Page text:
A War By Any Other Name
In the early British America, wars were often named after the sitting British monarch, such as King William's War or Queen Anne's War.
By this time, there had already been a King George's War in the 1740s, during the reign of King George II, so British colonists named this conflict after their opponents.
Thus it became known as the French and Indian War (although Indians fought on both sides of the conflict).
It also led into the Seven Years' War, which was a much larger conflict between France and Great Britain that was fought overseas, so did not involve the American colonies. While some historians connect the French and Indian War and the Seven Years' War overseas, most residents of the United States consider them as two separate conflicts, since only one of them involved the American colonies.
Other less frequently used names for the war include: the Fourth Intercolonial War and the Great War for the Empire.
Mid 1700s - Border Disputes Between The British, French, and Natives
At this time, North America east of the Mississippi River was largely claimed by either Great Britain or France. While the French population, of about 75,000, was heavily concentrated in modern Canada, a small number lived in the Southern areas of New Orleans, Louisiana; Biloxi, Mississippi; Mobile, Alabama; and small settlements in the Illinois Country. French fur traders and trappers traded with local Native tribes and often created high-ranking unions by marrying the daughters of chiefs.
The British settlers vastly outnumbered the French with a population of about 1.5 million, mostly residing along the Atlantic coast of the continent from Nova Scotia and the Colony of Newfoundland in the north to the Province of Georgia in the south. Much of the claimed lands of the older colonies extended arbitrarily far to the west, as the extent of the continent was unknown at the time when their provincial charters were granted. While their populations were centered along the coast, more settlements were growing into the interior.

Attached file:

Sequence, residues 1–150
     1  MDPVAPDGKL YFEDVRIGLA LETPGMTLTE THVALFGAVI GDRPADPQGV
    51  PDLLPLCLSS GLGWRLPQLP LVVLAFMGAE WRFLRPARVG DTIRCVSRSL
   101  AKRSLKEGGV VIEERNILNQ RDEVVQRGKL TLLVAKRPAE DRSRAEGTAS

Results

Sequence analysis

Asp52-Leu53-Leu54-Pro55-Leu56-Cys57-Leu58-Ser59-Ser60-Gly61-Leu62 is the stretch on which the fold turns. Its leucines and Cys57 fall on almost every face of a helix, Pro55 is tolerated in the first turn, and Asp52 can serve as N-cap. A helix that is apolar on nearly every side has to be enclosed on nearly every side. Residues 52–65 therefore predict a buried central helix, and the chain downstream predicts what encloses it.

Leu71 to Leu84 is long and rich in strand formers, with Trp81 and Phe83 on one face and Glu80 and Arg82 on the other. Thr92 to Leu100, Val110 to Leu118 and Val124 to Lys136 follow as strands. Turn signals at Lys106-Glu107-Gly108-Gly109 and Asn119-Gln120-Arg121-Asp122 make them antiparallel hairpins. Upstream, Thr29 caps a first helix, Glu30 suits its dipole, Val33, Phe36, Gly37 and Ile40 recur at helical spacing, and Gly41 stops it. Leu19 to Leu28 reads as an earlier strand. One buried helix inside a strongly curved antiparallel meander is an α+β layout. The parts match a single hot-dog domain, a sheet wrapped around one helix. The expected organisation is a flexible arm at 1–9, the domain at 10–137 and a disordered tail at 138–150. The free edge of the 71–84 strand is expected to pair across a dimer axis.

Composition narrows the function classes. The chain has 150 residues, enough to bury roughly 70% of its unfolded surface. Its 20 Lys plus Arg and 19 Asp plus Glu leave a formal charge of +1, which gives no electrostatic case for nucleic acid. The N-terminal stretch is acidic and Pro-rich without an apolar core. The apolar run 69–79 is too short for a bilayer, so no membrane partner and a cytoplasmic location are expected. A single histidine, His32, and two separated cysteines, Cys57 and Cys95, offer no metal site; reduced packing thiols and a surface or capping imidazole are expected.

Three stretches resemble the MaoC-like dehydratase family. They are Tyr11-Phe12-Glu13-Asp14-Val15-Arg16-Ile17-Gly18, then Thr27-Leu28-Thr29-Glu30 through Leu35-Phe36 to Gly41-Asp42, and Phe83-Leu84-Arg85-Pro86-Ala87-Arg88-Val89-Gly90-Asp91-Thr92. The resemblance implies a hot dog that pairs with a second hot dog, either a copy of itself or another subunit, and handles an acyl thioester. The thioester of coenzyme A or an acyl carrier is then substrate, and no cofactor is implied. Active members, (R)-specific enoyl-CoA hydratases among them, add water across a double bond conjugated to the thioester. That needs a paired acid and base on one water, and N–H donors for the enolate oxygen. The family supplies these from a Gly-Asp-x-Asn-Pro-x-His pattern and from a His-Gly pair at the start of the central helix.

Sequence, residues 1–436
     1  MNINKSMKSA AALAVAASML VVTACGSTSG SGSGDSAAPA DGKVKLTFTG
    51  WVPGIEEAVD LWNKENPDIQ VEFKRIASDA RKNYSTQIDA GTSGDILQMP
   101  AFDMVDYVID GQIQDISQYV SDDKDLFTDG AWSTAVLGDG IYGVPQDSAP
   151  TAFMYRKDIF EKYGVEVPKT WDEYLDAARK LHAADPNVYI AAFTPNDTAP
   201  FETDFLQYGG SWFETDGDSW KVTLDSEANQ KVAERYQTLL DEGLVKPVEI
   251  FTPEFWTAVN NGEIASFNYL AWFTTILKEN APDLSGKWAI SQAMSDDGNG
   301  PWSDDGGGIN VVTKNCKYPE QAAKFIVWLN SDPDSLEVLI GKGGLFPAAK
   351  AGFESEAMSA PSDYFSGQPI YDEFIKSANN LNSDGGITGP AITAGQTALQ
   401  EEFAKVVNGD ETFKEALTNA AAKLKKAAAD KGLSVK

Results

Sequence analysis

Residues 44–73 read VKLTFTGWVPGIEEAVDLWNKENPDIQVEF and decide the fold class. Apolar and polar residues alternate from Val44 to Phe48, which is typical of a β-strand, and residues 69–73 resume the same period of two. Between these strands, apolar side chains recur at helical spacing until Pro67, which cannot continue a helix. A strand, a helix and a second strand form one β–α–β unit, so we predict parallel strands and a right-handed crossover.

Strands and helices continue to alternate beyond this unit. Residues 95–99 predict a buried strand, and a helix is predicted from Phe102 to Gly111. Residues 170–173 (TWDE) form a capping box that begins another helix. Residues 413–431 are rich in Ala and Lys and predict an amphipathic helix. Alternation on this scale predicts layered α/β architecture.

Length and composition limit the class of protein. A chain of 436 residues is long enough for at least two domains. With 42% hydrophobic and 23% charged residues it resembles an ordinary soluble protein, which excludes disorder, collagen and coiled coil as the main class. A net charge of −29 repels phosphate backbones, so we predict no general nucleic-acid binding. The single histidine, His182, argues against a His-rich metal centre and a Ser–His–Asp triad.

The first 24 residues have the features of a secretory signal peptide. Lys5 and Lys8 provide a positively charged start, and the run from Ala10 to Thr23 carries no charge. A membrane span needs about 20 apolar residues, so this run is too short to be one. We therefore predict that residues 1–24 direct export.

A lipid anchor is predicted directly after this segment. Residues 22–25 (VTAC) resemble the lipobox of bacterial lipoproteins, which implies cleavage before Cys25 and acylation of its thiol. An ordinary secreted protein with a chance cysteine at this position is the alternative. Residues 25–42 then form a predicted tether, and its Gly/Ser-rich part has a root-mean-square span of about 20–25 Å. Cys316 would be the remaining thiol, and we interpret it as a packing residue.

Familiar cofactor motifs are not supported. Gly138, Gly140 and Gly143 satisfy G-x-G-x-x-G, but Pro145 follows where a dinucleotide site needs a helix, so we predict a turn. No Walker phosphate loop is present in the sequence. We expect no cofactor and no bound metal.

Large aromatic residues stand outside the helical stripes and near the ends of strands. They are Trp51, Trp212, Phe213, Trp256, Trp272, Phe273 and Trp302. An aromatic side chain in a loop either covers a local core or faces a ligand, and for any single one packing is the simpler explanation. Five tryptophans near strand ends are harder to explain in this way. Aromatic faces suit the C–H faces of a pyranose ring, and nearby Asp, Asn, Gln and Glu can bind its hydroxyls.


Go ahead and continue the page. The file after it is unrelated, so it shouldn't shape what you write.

The Iroquois Confederation dominated much of upstate New York and the Ohio Country, while initially holding a stance of neutrality to ensure continued trade with both French and British. Maintaining this stance would prove difficult as the Iroquois Confederation tribes sided with French or British causes, depending on which side provided the most beneficial trade.
The Southeast interior was dominated by Siouan-speaking Catawbas, Muskogee-speaking Creeks and Choctaw, and the Iroquoian-speaking Cherokee tribes.
The Sparks of War
Early on, the British colonists were supported by the Iroquois Six Nations and also by the Cherokees, but only until differences caused the Anglo-Cherokee War of 1758.
In 1758, the Province of Pennsylvania negotiated the Treaty of Easton in which a number of tribes in the Ohio Country promised neutrality in exchange for land concessions and other considerations.
When war broke out, the French used their trading and marriage connections to recruit fighters from tribes in the western portions of the Great Lakes region. These included the Hurons, Mississaugas, Ojibwas, Winnebagos, and Potawatomi. Most of the other northern tribes sided with the French, their primary trading partner and supplier of arms.
The Cherokee were subject to diplomatic efforts from the British and French in order to gain their support or neutrality in the event of a conflict.
Spanish Florida and West Indies
At this time, Spain claimed only the province of Florida in eastern America. It controlled Cuba and other territories in the West Indies that became military objectives in the Seven Years' War. Florida's European population was a few hundred, concentrated in St. Augustine.